(Shortform note: Although Nagoski claims that self-criticism doesn’t motivate us, others would disagree. Some say that as long as self-criticism doesn’t turn into self-deprecation, we can use it as a tool to constructively analyze our behavior. In particular, self-criticism can raise awareness of the things we need to improve and help us unlock our full potential.)

Society Tells Us to Fear Fat

Our culture has also created a reality where girls worry about their weight from an early age. Nagoski claims this is because mainstream media outlets, and even some academics, equate lower weight and thinness with health and beauty. Because of this, Nagoski adds, countless girls and women desire to lose weight to improve their health or appearance, and in some cases, they even develop eating disorders.

(Shortform note: Although Nagoski focuses on the media and academics as the main sources of women’s fear of fat, it’s not the only culprit. Familial dynamics or peer pressure can also cause fear of gaining weight. For example, if you grew up with a mother who constantly scrutinized her weight, you would be likely to internalize the same fears.)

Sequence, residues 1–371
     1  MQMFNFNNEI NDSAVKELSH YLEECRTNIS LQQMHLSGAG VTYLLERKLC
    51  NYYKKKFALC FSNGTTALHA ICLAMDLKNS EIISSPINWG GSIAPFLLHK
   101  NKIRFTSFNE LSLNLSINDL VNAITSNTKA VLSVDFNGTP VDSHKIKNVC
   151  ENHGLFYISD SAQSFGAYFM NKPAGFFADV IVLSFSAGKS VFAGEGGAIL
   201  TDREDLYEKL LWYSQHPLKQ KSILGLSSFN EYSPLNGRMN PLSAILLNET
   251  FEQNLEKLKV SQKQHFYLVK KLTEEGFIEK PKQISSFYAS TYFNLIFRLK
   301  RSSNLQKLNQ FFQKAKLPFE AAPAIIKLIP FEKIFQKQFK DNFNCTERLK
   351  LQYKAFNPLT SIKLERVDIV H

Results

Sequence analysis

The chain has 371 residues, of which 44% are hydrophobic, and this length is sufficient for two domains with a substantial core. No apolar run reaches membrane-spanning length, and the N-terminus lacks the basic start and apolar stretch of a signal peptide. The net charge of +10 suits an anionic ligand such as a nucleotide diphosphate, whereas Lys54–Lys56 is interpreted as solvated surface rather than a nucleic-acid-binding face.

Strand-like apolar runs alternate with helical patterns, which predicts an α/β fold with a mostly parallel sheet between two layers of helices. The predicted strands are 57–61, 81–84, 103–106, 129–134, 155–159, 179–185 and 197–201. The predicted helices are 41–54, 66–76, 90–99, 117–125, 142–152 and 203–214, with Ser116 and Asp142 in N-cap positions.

Nagoski argues that in reality, weight isn’t indicative of our health but is instead a simple measure of gravity. It says nothing about our wellness or beauty, and losing weight won’t necessarily make us healthier. Instead, we can improve our health by adopting healthy lifestyle habits and treating ourselves with respect.

(Shortform note: Many experts agree with Nagoski’s claim that a person’s weight has no bearing on their health. In particular, they criticize the use of the Body Mass Index (BMI)—which calculates a person’s size based on height and weight—as a measure of health, claiming that it’s unreliable and advocating for abandoning it altogether. However, there isn’t consensus across the board. Some say that while BMI may have its shortcomings, it’s still a useful tool in predicting future health outcomes when combined with other measures.)

By doing this every day, Nagoski assures you that you can gradually unlearn the cultural tendency of self-judgment, as well as the self-disgust your body may trigger.

The History of Cultural Influence on Women’s Body Image